How Gratitude Combats Depression
Count your gains instead of your losses.
Posted November 26, 2012 | Reviewed by Jessica Schrader
It’s holiday time.
When many of us will gather with friends and family. Where gratitude and appreciation take up residence in our hearts.
Stopping to give seasonal thanks is a wonderful thing, but what’s even better is practicing gratitude year-round. In fact, studies show that consistent positive interactions, particularly ones that involve gratitude, increase happiness and decrease levels of depression.
So, what are the gratitude techniques research says help alleviate depression?
Here are seven that will not only deck your halls, but offer you an antidote to depressive symptoms all year long.
1. Gratitude visit. Deliver a letter of gratitude in writing or email to a person you are grateful to, but have not thanked appropriately.
2. Three good things. Write down three things that had gone well for you this week and an explanation of why those things happened.
3. Using signature strengths in a new way. Use one of your best strengths in a new way every week.
4. Three funny things. Write down three funny things you experienced or did this week—and an explanation of why those things happened.
5. Counting kindness. Count and report the acts of kindness you offer every day. Or the ones you receive every day.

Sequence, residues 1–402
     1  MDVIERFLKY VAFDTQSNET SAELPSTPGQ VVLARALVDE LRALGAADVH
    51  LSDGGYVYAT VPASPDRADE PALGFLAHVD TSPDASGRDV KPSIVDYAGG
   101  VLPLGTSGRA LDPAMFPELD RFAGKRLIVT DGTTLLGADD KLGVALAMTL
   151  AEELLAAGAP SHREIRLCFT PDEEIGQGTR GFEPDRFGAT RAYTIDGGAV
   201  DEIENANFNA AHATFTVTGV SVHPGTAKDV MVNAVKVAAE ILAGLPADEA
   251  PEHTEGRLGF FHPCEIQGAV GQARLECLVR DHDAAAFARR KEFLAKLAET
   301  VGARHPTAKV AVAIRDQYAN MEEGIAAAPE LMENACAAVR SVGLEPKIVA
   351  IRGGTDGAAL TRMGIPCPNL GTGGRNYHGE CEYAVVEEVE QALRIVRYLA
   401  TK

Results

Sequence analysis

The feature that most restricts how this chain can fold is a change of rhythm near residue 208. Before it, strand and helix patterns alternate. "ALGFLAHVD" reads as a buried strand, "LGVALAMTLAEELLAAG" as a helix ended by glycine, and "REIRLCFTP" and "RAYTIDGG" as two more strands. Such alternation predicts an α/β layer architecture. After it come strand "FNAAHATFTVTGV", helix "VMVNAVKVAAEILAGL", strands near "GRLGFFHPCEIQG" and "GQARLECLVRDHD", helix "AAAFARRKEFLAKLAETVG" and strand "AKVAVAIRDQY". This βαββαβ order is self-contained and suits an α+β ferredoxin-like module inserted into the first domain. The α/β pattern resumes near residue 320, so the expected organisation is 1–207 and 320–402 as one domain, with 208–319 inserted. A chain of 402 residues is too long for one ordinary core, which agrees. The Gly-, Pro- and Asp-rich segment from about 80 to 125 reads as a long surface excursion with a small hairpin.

6. Gift of time. Offer at least three ‘‘gifts of time’’ by contacting/meeting three persons about whom you care about each week.
7. One door closes, another door opens. Write about a moment in your life this week when a negative event led to unforeseen positive consequences.
Science Behind Gratitude
So, why do these gratitude experiences boost happiness and alleviate depression? Scientists say that these techniques shift our thinking from negative outcomes to positive ones, elicit a surge of feel-good hormones like dopamine, serotonin and oxytocin, and build enduring personal connections.
The insight and reflection of counting these moments is what makes the practice of gratitude so powerful. But the key to combating depression is making these positive experiences part of the fabric of your life.
You don’t have to do all of these techniques. Do some. Or one. Just get out there and be grateful.
Gander-Rene, F.; Proyer, T.; Ruch, W. & Wyss, T. (2012) Strength-based positive interventions: Further evidence for their potential in enhancing well-being and alleviating depression. Journal of Happiness Studies, DOI 10.1007/s10902-012-9380-0 accessed online 11/19/2012
Seligman, M. E. P. (2011). Flourish: A visionary new understanding of happiness and well-being. New York: Free Press.
Sin, N. L., & Lyubomirsky, S. (2009). Enhancing well-being and alleviating depressive symptoms with positive psychology interventions: A practice-friendly meta-analysis. Journal of Clinical Psychology, 65(5), 467–487.